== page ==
Getting tired of Torkelson

To the editor:

We could have had a completed four-lane highway to New Ulm from Mankato. We could have gotten the necessary funding to get the road built. We could have had commerce expanded. We could have had a safer road with fewer accidents. We could have had all of this, but the chair of the House Transportation Finance Committee, one Paul Torkelson, didn’t change the language in the legislation that could have provided a progressive and practical solution to this 50-some-year-old infrastructure issue. Austerity does not build roads.

Some true leaders in our area have supported a final funding bill to complete the Highway 14 project. Like Clark Johnson, the representative from the district that contains St.Peter and North Mankato. Johnson warned us about the flawed language in the funding bill of the 2017 legislative session. Torkelson, in his canned newsletters to his Republican constituents, talks the talk, but doesn’t walk the walk. We’ve let our “representatives” sneak away from another unproductive, overly partisan legislative session without holding them accountable or owning up to their actions, or “inactions,” if you will.

Paul Torkelson has once again failed us in one of the most basic areas of governance: roads and bridges. He has been in the House since 2009. He is the chair of the House Transportation Finance Committee (and “serves” on the Environment and Natural Resources policy and Finance Committee, the Ethics Committee, the Legacy Funding Finance Committee, and the Ways and Means Committee). You’d think he and his “majority” would have the power (a.k.a access to public monies; the “way and means”) to get something done. Even when Torkelson is placed in the best position possible, he still can’t do the right thing. He still just follows the party line, without asking some basic questions, such as, “What do New Ulm, Springfield, Redwood Falls, and Sleepy Eye, and, indeed, all of the people in all of the counties and townships in District 16B need?”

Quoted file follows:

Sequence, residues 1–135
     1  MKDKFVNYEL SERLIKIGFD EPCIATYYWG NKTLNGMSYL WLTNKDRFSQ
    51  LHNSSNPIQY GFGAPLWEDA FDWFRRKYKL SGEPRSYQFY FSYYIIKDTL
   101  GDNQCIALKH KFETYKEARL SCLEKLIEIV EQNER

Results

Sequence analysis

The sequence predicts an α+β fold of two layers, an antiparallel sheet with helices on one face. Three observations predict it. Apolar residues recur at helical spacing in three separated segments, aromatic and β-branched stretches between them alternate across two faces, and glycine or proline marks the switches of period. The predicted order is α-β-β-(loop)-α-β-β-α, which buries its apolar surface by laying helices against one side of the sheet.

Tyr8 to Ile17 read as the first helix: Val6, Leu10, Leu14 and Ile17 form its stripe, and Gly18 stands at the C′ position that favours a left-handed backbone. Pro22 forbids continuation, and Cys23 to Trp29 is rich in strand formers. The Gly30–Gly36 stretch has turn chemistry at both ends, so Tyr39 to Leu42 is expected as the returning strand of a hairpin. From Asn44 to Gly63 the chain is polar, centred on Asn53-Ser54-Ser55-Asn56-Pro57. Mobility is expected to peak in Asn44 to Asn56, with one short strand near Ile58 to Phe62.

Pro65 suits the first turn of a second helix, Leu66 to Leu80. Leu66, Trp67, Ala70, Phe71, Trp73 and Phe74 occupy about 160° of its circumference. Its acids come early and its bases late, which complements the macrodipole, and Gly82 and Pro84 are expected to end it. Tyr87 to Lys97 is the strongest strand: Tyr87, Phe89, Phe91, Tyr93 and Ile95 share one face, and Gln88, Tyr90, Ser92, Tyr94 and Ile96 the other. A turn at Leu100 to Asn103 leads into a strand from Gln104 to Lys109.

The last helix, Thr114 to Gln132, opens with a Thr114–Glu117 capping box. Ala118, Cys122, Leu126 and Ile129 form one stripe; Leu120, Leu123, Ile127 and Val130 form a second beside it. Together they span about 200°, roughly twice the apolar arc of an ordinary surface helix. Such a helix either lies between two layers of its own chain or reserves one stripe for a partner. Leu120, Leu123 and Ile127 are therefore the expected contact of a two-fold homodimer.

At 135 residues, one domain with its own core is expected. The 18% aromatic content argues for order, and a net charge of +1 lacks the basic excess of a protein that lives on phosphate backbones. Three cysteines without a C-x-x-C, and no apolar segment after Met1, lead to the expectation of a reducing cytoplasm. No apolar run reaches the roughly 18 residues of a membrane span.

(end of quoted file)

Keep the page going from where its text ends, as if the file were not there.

With 10 years and no answers, I have to ask you, “Are you Tired of Torkelson?” I know that I am. And, annoyingly, every two years, I get “retired” of Torkelson and begin thinking that he should retire.

Franz Kitzberger

New Ulm